The pressure increases and the velocity decreases as the air moves from the impeller blade to the diffuser blade and then finally through the casing. High density and high pressure compressed air is sent to the inlet manifold of the engine. This highly dense air burns the fuel in the engine cylinders more efficiently and substantially increases the power of the internal combustion engine. The impeller rotates at a speed of up to 100,000 rpm.
Working Principle of Centrifugal Supercharger:
The impeller gains rotational motion through the driving pulley, which is connected via a crankshaft to a chain drive or belt drive. This impeller rotates at a very high speed, can begin to suck the low-pressure and high-velocity air, and be drawn directly onto the diffuser.
The diffuser is placed inside the housing and is fixed with an impeller and which converts this centrifugal force into high pressure and low velocity, in which the condensation of hot air is delivered to the intercooler through an outlet of the housing.
The intercooler can lower the air temperature and send cooler air containing more air molecules and more oxygen to the engine’s inlet valve during the suction stroke. More air can burn more fuel to generate larger horsepower than an internal combustion engine.
If the unit is geared to supply sensible boost pressure at low to medium speeds, excessive intake pressure will be generated at high speeds. Counter this, some sort of blow-off valve limiting the maximum boost pressure may be provided, but this is highly inefficient and inevitably noisy.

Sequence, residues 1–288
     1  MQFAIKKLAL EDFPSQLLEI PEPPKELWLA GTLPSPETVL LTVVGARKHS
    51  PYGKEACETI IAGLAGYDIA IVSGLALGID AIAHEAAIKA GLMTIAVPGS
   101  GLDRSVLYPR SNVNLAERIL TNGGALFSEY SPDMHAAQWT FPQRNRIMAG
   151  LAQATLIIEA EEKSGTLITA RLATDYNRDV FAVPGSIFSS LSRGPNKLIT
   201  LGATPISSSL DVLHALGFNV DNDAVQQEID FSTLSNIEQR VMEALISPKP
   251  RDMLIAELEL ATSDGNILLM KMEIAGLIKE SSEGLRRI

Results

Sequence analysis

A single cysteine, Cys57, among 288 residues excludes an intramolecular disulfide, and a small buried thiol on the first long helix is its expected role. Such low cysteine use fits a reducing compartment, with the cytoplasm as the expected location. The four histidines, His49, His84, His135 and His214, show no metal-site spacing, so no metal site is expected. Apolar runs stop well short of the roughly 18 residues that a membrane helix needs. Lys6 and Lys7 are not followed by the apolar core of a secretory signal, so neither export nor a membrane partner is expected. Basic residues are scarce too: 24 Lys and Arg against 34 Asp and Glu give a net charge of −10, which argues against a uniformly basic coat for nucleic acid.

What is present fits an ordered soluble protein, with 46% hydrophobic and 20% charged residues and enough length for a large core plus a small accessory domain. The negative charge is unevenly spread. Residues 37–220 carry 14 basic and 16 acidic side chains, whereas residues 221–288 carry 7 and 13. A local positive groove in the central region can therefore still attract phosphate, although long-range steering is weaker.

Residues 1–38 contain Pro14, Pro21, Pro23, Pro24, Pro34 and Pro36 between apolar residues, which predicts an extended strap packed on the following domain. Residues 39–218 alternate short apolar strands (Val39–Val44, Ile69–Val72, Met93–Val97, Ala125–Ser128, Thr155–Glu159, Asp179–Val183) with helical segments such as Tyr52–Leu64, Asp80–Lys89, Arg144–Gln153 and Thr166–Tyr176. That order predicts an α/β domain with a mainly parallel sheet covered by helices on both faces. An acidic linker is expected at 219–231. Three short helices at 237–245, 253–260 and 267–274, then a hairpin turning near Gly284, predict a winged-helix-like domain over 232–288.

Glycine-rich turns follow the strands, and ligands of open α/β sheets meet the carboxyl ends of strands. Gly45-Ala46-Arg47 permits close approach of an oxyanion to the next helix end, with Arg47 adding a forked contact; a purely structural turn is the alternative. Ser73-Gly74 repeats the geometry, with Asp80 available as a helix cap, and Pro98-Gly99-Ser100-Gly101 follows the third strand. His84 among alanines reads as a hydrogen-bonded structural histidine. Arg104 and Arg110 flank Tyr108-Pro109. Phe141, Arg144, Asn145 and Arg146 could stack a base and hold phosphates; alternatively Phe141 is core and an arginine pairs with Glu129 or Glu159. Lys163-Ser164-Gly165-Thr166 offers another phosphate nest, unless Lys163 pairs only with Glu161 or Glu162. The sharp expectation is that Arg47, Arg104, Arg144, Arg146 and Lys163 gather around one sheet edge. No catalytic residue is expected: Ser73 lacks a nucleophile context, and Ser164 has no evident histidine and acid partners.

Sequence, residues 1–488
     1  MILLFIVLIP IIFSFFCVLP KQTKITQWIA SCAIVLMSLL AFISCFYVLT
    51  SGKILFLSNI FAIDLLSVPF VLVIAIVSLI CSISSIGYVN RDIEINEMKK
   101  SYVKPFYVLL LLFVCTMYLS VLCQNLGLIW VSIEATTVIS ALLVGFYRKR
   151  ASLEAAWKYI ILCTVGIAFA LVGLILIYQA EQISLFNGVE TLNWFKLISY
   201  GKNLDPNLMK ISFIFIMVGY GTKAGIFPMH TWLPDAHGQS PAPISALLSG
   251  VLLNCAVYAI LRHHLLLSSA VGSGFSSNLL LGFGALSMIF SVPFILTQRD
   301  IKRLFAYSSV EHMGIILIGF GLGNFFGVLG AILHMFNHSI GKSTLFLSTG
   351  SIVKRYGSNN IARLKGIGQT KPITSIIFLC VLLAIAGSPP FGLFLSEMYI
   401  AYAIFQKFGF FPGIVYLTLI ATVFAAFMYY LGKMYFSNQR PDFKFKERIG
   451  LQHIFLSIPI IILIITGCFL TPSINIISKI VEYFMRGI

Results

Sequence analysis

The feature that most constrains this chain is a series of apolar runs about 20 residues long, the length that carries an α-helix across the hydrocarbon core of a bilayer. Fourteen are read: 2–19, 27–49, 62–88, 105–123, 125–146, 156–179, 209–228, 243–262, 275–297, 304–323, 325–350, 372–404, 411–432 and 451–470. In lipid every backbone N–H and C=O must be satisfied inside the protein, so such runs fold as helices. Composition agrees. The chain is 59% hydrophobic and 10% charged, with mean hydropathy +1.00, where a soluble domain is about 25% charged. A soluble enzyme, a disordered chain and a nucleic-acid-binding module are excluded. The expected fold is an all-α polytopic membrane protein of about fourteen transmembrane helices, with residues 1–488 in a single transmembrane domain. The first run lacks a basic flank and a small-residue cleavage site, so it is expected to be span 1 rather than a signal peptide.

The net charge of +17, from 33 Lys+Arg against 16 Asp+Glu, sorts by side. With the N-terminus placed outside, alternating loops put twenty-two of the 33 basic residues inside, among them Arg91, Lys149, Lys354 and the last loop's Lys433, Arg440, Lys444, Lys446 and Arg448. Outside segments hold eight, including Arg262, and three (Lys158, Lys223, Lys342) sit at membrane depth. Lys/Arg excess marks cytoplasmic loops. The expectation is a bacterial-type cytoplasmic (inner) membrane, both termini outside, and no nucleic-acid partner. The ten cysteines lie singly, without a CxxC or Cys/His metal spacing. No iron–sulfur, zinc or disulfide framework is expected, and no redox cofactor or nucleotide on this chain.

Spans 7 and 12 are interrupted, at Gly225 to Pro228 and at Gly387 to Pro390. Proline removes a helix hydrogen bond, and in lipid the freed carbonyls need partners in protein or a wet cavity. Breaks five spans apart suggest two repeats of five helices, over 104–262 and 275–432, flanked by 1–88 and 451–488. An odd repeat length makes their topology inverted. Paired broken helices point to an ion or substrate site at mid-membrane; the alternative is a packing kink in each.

On larger installations, where weight and/or size are not an issue, some type of continuously variable transmission may be included, but at this level of complexity, weight may also be an issue. Therefore, the most sensible approach is to tune the compressor wheel speed to maximum boost at maximum engine speed.
When this isn’t necessary, for example, when cruising down the road, the effort should produce knock-free motoring in an effort to provide little but no boost. In addition, since there will be little or no increase in normal road driving speed when used as daily transport, fuel savings and tailpipe emissions should not exceed legal requirements.
Main Parts of Centrifugal Supercharger:
It is a revolving wheel that must spin at high rpm. It can be removed by scrolling the nut on the end of the impeller shaft. The impeller is made of steel and alloyed alloys and is machined on a CNC milling machine. The impeller speed can reach 100,000 rpm.
The centrifugal supercharger has a larger gearing section. The sun gear is small, surrounded by a mid-size three gears closed with a ring gear.
Planetary gears help an impeller to achieve greater speed and are needed to produce the desired boost. The sun gears are connected directly to the impeller shaft, and the ring gear is connected to the engine’s crankshafts via a belt or chain.
It is a stationary wheel with a larger vane than an impeller. The impeller sucks air at high speed and low pressure. A diffuser converts this into low-speed and high-pressure air. This air travels throughout the housing outlet.
#5. Driven Pulley
The drive pulley is getting the rotational moment from the engine crankshaft, which is connected via a belt or chain with the drive pulley of an engine.
The ball bearing actually supports the rotating shaft, which absorbs the drive load. After long use of the device, the bearing may wear out and cause noise problems.
#7. Aeration Pump
Aeration pump placed under transmission. It provides self-contained grease with good bearing lubrication.
The outer body of the device is called the housing. It is made of aluminum and is a material that has high strength, low weight and is also corrosion-resistant. The housing is manufactured by the casting process and machined in a way that must match the impeller design and size.